The Conservative manifesto – A careers perspective

The Conservative manifesto is the last of the main parties’ manifestos to come out. Inevitably when you’ve been the party of government for so long, it is easier to judge you on your record and so the manifesto is a bit less of a big event than it is for other parties. Nonetheless, it is still an opportunity for the party to set out its programme for the next five years, so it is worth spending some time scrutinising it.

The manifesto is unsurprisingly heavy on Brexit and promises to: get Brexit done, focus on your priorities, unleash Britain’s potential, strengthen Britain in the world and put you first. Which all sounds great, but I’m guessing that I might not be the ‘you’ that they are putting first and I doubt that they are really focusing on ‘my priorities’.

It is very badly written and difficult to find what you are looking for in it. Discussion of education and skills policy is scattered throughout the whole document and the same points are sometimes repeated in different sections. The prose also has a comically Johnsonian tinge, for example describing Britain as ‘trapped, like a lion in a cage’ or like ‘some super-green supercar blocked in traffic’. But, lets see what they have planned to unleash the lion and get the car rolling.

Shared prosperity fund. The party will create a ‘shared prosperity fund’ which is essentially a rebranding of the money that used to be available through EU funding. They seem to suggest that this money will be focused on skills funding.

Career guidance. Career guidance is only mentioned in the context of people with disabilities who they commit to improving access to career guidance for. I assume that this means that the existing career guidance policies will be continued, but as all current commitments end in 2020, that is not clear.

Schools. The party has already announced more funding for schools and they seem happy to let this pledge ride without adding any more (although they mention the funding increase twice in different parts of the manifesto). They will continue to support Ofsted, expand alternative and special education, and invest in arts and sport (which they have been responsible for cutting over the last few years).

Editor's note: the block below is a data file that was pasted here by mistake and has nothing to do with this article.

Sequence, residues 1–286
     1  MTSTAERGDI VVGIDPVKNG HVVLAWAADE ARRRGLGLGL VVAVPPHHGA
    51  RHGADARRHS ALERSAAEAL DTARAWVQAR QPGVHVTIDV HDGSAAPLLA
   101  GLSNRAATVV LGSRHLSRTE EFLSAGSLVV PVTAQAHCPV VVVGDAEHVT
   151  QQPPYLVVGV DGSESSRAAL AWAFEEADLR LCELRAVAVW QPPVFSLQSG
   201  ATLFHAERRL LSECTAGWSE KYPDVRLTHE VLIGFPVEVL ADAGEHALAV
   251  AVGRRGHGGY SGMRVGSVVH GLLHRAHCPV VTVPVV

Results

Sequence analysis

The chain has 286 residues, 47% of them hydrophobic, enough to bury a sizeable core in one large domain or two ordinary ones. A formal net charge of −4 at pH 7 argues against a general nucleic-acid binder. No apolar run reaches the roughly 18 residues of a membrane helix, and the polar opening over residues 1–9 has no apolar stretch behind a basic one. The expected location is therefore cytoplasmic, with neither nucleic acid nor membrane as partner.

Further education. They will invest £2 billion in improving the estate of further education. They will also launch 20 institutes of technology (which has been announced before).

Apprenticeships. They will continue with the existing apprentice system. There is a vague promise to improve the working of the apprenticeship levy, but no details.

Skills. They will launch a £3 billion skills fund. This seems to be a funding pot that will match contributions that individuals and small businesses put in to access training. There are not details on how it will work. I wonder if is something that has already been announced somewhere that I’ve missed. If anyone has any details that would be great.

Higher education. They don’t make any concrete commitments but blow the dog whistle on ‘grade inflation’ and ‘free speech’. There is also something about improving adult higher education, but again, no details.

All in all, this document is very light on details on pretty much everything that I’ve been looking at in the manifestos. Given this we are basically left to guess as to what Conservative education, skills and employment policy will look like going forwards. Again, if anyone from the Conservative Party is willing to provide any more details, then please get in touch.


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